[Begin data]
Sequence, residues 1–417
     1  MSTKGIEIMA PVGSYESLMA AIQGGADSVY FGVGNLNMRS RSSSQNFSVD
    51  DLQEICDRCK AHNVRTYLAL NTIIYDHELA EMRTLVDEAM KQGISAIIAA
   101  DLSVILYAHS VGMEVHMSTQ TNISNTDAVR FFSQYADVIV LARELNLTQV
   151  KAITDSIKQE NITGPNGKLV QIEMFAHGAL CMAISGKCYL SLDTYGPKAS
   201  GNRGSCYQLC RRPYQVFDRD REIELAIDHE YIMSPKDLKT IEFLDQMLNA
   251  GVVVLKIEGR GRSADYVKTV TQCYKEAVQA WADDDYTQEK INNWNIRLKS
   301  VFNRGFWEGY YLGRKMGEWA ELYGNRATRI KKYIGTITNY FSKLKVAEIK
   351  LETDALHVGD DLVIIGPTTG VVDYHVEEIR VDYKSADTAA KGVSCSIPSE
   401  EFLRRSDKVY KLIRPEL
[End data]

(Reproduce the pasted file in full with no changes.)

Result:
Sequence, residues 1–417
     1  MSTKGIEIMA PVGSYESLMA AIQGGADSVY FGVGNLNMRS RSSSQNFSVD
    51  DLQEICDRCK AHNVRTYLAL NTIIYDHELA EMRTLVDEAM KQGISAIIAA
   101  DLSVILYAHS VGMEVHMSTQ TNISNTDAVR FFSQYADVIV LARELNLTQV
   151  KAITDSIKQE NITGPNGKLV QIEMFAHGAL CMAISGKCYL SLDTYGPKAS
   201  GNRGSCYQLC RRPYQVFDRD REIELAIDHE YIMSPKDLKT IEFLDQMLNA
   251  GVVVLKIEGR GRSADYVKTV TQCYKEAVQA WADDDYTQEK INNWNIRLKS
   301  VFNRGFWEGY YLGRKMGEWA ELYGNRATRI KKYIGTITNY FSKLKVAEIK
   351  LETDALHVGD DLVIIGPTTG VVDYHVEEIR VDYKSADTAA KGVSCSIPSE
   401  EFLRRSDKVY KLIRPEL